An Economic Perspective on Energy Efficiency

The term “energy efficient” is common enough, used to describe everything from dishwashers to windows. A Freakonomics Radio podcast episode titled How Efficient Is Energy Efficiency? explores the complicated relationship between energy efficiency standards and their real world outcomes. Arik Levinson, an environmental economist and professor at Georgetown University, discusses the 1974 California Energy Commission whose regulations were the first of their kind in the nation. Levinson’s paper on energy consumption as affected by these regulations asserts,

“There is no evidence that homes constructed since California instituted its building energy codes use less electricity today than homes built before the codes came into effect.”

This conclusion, based on Levinson’s research leads the host, Stephen Dubner, to question the validity of his statement and to explore the reasons why energy efficiency regulations are still such a major part of the United States’ climate policy.

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Climate Change Denial – How Did We Get Here?

As we gear up for the 2017 Buffalo Humanities Festival, we’ve been thinking a lot about why the topic of “Environments” carries with it such an immediate and vehement reaction. The debate over global warming is exasperating to many people who, in light of the evidence that our climate is indeed changing, wonder why we are still struggling to come to a consensus over scientific facts.

The United States of Anxiety, a podcast produced by WNYC Studios tackled the history of climate change denial in their second episode this past May. The Birth of Climate Denial explores the beginnings of climate change awareness in the 1980’s, when NASA climatologist, James Hansen, presented the issue to Congress.

Something has changed between the initial bi-partisan acceptance of climate change and the moment we find ourselves in now. This episode by the United States of Anxiety presents a compelling explanation of the social and cultural factors that contributed to the development of climate change denial.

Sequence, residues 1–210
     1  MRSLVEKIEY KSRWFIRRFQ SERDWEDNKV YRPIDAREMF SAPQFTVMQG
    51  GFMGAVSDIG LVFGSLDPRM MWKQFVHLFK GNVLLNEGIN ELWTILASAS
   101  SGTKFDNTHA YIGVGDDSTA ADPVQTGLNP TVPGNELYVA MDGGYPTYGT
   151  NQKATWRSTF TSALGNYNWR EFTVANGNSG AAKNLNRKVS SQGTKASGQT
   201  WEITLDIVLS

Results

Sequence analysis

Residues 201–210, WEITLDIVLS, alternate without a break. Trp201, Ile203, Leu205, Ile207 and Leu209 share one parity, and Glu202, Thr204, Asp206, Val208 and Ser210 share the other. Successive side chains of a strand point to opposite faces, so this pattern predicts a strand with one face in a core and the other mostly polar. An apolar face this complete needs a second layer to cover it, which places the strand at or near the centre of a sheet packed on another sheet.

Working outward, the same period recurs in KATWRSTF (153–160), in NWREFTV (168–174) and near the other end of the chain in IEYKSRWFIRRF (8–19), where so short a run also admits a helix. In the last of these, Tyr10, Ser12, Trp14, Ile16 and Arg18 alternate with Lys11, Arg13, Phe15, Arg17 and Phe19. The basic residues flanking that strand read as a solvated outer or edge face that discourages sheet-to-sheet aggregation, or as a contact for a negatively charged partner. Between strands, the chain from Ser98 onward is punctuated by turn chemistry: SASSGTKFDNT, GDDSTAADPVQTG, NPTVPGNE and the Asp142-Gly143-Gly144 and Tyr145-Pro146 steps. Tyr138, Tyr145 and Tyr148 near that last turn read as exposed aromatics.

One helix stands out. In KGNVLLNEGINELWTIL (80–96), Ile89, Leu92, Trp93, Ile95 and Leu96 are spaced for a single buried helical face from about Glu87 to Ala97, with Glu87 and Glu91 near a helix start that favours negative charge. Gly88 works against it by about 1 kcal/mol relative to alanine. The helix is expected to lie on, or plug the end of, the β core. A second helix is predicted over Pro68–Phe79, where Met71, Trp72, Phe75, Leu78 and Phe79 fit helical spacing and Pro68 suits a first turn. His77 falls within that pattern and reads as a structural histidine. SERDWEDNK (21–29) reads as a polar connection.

image above: UN Photo. April 30, 1992. The environmental group Greenpeace protesting against the Government of the United States for the reluctance to accept goals to reduce green-house gases. 

Why “Environments”?

These are difficult times for educational and cultural institutions increasingly impaired by an epidemic of public disinvestment. Moreover, the last few years have seen the global rise of media markets that traffic in fanciful simplifications, fake news, bigotry and denialism, while dismissing evidence-based knowledge and basic human empathy. But this is also why we see a renewed urgency for the Arts and Humanities to reclaim a position of centrality in public discourse; to weigh in on the big issues of our time, from climate change denial to the rise of fundamentalism and authoritarianism around the world. The Public Humanities provide crucial spaces to help us reimagine, transform, and regenerate our world.

This year’s 3-day Festival will feature talks, music, performances, community debates, and other activities on the theme of “Environments,” focusing on issues of environmental justice and economic sustainability, local and regional activism and planning, and the global climate change crisis.

We hope you will join us for what is guaranteed to be a dynamic conversation between authors, scholars, activists, artists, and the Western New York community – pushing forward our visions for the future through this festival of ideas.

Stay tuned for the announcement of all of this year’s participants!

 

 

image: Global Action Day in Copenhagen. December 2009. america.govhttp://www.flickr.com/photos/americagov/4179185792. Transferred from da.wikipedia to Commons by Thomas81 using CommonsHelper. This file is licensed under the Creative Commons Attribution-Share Alike 2.0 Generic license.